Monday, June 29, 2009

Summer Breeze and a tale of woe from long ago...

"Sweet days of summer, the jasmine's in bloom. July is dressed up and playing her tune..." One of my essential summertime albums is Seals and Crofts' greatest hits. Yeah, I am a dork. While I am at it I may as well tell you that "Rocky Mountain High" is one of my favorite songs. John Denver, Seals and Crofts, Led Zeppelin and the Grateful Dead got me through one particularly horrible summer about 20 years ago. I was working three jobs trying to save money to get to England. I was slowly coming out of my Deadhead phase and had spent some time over in Bend, Oregon with some friends from UO. These Bend boys were the cream of the Deadhead crop. Mountain biking, hiking, rock climbing and partying. I came back home from my own personal nirvana to my parents fighting and all sorts of ugly words like adultery being slung around. My little brother hated me because I had deserted him. (He was 16 at the time.) I was living at home in what felt like a war zone. I managed to somehow work in a deli/coffee shop, work at Agripac (one of the levels of Hell) and work in the concession stands at the Lane County Convention Center during the weekends and some evenings before my graveyard shift in Hell. Essentially I would get home from the graveyard shift at Agripac for a couple of hours of sleep before going off to the deli job till sometime in the evening and then a few more hours of sleep and laundry and playing marriage counselor to my Mom. Good times. Anyway while standing at the conveyor belt at 2 a.m., sorting ears of corn and trying to not fall onto the belt as the never ending river of vegetable matter hypnotized me, it was important to stay coherent. The cannery, as the ancient ones still working there called it, was the taker of many a finger or hand or occassionally more from those who let their attention slip. To ward off the loopiness I would sing out loud to myself. I worked my way through Seals and Crofts, John Denver-especially Rocky Mountain High, the Dead, Zep-you name it, I sang it. Normally I do not let anyone hear me sing, I can't hold a tune even if it is handed to me. At Agripac there was no worry of anyone hearing me. If you have never worked or been in a cannery, count yourself lucky. The smells alone are not for the faint of heart (or stomach.) What really got me was the noise. Hissing steam, ca-thunk, ca-thunk of the seamers (the machines that seal the cans), the constant rolling thunder sound of the conveyor belts. I wore a hard hat and hair net and earplugs. The first week or so I felt shell shocked from all the noise. Then I got used to it, to a point. It started to become familiar and almost comforting. When a conveyor belt went down-broken or for maintenance, the noise level dropped dramatically and I remember feeling panic as new lesser heard sounds were able to thump or clank their way into my consciousness. Anyway I would look up once in awhile and every person on the conveyor belt line would all be singing to themselves. It was kind of like the opposite of karaoke. You could sing to your heart's content in public but no one could hear you.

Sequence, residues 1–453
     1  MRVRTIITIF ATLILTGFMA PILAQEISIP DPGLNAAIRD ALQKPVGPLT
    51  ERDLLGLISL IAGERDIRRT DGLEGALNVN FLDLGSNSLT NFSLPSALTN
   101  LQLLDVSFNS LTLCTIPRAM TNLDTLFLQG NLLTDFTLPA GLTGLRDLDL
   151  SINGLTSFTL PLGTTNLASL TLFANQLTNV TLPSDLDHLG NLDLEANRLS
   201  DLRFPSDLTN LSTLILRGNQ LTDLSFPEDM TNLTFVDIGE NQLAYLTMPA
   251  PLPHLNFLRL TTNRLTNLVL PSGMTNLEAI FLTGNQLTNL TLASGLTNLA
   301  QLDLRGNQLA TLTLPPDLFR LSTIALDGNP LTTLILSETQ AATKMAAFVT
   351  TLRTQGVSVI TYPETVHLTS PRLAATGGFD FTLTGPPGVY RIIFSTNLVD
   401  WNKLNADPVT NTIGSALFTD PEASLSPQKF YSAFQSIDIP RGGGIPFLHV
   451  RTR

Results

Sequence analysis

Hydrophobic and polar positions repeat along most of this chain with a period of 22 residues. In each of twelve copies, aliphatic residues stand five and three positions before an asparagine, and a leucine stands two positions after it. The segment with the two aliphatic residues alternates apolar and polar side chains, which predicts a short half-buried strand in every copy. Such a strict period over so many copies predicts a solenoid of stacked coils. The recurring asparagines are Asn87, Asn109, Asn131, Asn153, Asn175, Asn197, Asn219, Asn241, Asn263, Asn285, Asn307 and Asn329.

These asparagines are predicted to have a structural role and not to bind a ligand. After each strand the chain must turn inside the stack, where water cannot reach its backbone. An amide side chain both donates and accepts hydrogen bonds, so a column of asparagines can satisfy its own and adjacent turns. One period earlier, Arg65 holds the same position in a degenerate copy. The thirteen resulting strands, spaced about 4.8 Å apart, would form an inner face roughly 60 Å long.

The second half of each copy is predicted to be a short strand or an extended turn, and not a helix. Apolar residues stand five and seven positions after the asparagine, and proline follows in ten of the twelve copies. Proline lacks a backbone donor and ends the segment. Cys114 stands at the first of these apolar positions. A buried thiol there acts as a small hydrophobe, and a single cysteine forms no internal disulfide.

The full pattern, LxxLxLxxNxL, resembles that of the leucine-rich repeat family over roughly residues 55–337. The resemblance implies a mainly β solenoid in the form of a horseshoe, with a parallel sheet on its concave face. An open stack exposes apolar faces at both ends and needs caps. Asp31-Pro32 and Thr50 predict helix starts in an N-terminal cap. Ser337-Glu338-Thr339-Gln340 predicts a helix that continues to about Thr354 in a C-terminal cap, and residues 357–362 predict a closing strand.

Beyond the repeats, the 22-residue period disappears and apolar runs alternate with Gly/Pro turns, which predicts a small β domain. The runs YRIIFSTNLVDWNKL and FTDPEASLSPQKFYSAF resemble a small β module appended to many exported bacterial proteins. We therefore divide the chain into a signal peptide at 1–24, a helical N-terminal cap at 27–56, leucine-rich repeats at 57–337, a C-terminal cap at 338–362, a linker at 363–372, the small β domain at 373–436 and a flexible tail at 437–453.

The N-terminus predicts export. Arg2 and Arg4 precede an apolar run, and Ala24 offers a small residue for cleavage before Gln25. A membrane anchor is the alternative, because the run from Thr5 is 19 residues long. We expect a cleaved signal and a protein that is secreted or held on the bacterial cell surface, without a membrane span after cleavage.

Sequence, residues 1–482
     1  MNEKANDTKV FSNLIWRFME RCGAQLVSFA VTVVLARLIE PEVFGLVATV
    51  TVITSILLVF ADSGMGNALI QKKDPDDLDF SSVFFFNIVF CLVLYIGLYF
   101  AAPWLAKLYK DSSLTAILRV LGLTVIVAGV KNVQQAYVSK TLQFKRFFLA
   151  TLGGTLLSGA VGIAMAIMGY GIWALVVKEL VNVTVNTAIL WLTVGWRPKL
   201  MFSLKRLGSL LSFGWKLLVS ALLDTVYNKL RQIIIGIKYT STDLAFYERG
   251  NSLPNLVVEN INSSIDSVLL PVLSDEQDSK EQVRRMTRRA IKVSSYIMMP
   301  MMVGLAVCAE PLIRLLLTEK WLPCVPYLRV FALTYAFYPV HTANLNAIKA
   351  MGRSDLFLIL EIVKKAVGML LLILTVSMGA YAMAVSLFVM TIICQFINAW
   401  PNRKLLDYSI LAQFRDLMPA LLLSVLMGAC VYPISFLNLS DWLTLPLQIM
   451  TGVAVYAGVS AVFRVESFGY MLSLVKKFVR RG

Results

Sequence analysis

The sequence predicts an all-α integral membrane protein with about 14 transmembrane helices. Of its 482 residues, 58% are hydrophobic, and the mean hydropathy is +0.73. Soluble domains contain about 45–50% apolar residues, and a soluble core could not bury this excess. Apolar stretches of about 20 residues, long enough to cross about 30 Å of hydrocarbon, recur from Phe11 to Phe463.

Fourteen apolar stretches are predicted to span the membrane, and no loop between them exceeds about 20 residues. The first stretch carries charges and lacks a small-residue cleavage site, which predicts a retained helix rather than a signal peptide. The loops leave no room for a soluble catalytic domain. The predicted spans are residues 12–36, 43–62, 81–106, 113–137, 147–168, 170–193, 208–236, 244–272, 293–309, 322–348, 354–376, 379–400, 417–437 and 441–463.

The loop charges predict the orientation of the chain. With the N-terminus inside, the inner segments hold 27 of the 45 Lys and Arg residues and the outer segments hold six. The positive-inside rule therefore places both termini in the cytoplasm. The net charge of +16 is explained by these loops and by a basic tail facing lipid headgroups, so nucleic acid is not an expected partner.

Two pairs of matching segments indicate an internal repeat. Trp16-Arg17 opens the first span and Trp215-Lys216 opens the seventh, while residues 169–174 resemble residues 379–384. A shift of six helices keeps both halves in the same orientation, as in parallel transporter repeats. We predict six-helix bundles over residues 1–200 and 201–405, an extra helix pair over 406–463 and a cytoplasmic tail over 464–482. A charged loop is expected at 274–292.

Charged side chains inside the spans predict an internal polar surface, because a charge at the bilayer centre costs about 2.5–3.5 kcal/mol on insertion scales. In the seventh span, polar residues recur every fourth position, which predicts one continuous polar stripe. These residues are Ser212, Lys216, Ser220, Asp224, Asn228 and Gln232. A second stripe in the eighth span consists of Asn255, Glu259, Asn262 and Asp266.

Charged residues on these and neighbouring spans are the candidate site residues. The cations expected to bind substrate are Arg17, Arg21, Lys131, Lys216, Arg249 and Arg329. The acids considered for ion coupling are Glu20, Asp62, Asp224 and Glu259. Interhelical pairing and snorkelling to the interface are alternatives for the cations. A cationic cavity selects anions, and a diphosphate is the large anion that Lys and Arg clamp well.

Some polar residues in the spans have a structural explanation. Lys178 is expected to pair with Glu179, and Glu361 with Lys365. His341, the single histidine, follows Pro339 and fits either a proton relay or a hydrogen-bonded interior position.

Anyway I did get to England, my parents did divorce (albeit several years later), my brother and I are close and I still like Seals and Crofts and John Denver and the rest.

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